#1
Heyy UG..
Im having trouble being able to play fast licks in slow tempo songs, i cant seem to stay in time..
im guessing its because maybe im not playing the licks fast enough or something of that nature.. a good example of what i mean would be the solo to "in this river" by bls..its a fairly slow tempo song but zakk shredsssss at the solo and keeps in time very well..another good example would be his farewell balad..the song is slow yet he manages to throw in those blistering fast licks and keep in time with the song perfectly..
Can someone maybe give me some tips/exersizes to help with this problem..
any help would be greatly appreciated!!
#2
I just play triplets at double the usual speed. I don't know exactly how fast that is.
A lick I use is like this

e---------4
b--7-4-7--7-4 And repeat

I'm a bad tabber, sorry. It can also be translated onto different strings and played at different intervals, so it can be completely altered.

EDIT: Other than triplets. Generally straight rhythms go in multiples of four such asL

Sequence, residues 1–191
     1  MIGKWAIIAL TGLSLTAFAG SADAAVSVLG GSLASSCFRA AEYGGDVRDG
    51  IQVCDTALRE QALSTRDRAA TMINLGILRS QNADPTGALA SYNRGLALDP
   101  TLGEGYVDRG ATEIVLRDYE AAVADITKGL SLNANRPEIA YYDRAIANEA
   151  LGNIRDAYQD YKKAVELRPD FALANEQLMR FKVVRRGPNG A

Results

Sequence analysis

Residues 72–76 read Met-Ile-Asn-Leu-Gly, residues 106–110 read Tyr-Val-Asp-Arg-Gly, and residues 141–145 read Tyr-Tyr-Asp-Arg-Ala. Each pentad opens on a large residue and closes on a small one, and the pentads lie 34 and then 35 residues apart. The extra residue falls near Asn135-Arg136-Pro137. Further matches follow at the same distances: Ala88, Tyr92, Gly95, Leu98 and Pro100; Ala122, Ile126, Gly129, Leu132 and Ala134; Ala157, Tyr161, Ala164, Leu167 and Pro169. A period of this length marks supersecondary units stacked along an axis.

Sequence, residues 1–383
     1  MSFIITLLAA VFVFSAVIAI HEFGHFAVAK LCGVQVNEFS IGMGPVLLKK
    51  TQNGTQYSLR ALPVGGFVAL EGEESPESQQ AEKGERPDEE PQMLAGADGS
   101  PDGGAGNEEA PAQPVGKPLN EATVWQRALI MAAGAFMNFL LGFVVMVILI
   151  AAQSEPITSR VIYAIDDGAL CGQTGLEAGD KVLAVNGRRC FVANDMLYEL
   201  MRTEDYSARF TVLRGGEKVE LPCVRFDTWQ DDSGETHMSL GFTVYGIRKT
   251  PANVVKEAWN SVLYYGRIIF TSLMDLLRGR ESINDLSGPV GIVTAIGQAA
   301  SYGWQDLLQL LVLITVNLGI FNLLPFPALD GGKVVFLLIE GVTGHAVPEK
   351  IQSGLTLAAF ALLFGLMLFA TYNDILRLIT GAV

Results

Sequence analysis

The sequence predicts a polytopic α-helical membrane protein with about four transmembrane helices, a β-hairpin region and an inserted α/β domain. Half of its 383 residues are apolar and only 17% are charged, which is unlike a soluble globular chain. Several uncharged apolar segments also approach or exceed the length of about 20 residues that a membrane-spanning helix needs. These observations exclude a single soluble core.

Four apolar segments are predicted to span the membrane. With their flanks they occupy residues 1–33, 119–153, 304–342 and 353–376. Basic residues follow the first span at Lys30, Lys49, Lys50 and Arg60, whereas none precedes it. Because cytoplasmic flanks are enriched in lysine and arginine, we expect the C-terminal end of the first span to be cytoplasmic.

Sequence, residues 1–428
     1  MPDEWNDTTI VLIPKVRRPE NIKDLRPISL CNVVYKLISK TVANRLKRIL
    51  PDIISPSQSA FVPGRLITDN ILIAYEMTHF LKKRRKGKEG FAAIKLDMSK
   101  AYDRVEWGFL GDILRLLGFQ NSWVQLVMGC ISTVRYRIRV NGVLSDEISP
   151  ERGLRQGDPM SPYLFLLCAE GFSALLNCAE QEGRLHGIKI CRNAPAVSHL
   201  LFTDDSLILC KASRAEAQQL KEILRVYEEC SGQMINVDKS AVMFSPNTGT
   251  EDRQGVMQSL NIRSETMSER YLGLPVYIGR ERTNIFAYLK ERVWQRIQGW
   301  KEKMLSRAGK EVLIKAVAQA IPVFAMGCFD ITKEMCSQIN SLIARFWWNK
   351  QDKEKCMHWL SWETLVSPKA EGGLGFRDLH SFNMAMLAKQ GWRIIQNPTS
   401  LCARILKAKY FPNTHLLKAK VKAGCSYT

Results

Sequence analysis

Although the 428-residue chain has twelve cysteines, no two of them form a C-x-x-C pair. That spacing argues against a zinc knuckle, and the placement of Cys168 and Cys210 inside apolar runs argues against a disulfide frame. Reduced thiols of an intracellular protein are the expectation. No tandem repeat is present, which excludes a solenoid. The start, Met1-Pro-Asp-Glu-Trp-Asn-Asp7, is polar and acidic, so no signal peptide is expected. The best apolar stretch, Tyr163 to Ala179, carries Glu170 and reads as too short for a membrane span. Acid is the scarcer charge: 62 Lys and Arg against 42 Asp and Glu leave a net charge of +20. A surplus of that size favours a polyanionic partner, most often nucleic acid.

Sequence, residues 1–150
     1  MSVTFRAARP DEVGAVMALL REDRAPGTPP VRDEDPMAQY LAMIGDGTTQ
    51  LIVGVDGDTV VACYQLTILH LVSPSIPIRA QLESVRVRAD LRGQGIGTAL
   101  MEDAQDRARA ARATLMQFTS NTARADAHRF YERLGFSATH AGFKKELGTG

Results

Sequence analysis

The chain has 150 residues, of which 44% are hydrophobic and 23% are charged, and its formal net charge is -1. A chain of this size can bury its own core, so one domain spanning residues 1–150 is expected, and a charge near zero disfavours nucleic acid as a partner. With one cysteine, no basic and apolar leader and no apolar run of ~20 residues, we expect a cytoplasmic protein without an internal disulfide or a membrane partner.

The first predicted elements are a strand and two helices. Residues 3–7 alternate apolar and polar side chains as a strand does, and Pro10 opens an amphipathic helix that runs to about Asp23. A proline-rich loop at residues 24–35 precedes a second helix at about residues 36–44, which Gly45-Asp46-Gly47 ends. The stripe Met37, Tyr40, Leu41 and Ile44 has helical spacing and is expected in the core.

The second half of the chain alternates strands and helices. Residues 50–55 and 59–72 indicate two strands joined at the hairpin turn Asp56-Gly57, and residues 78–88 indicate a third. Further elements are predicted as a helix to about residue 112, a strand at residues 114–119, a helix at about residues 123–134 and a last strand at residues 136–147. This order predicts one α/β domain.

Quater, Eighth, Sixteenth, Thirtyseconds, sixtyfourths and 128ths(which is like godspeed, I don't think it's really possible to play this fast) and so on so fourth(so punny!!)
Last edited by Dio10101 at Jul 27, 2009,
#4
Quote by MetalMayham666
so for example to play eighths i would have to play 8 notes between beats?

No eighth merely means it makes up 1/8 of a measure. For example: 2 Quarters + 2 Eighths + 4 sixteenths = 1 measure

Every measure has 4 beats. There are also half notes and Whole Notes, which I'm sure you can put 2 and 2(Punny as hell) together for those.

EDIT: It's like math
#5
so theres 4 beats per measure...so there would be 4 sixteenths in one beat..2 eighths, 1 quarter..
#6
Quote by MetalMayham666
so theres 4 beats per measure...so there would be 4 sixteenths in one beat..2 eighths, 1 quarter..

Exacatacaly. Knowing understanding and feeling rhythm is an important concept as a guitarist, it'll help you make more interesting and rhythmically complex riffs.
#7
Quote by Dio10101
No eighth merely means it makes up 1/8 of a measure. For example: 2 Quarters + 2 Eighths + 4 sixteenths = 1 measure

Every measure has 4 beats. There are also half notes and Whole Notes, which I'm sure you can put 2 and 2(Punny as hell) together for those.

EDIT: It's like math



wut?
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#8
It's really nothing more than just practicing doing what you usually do at high speeds. Just break the beat down different.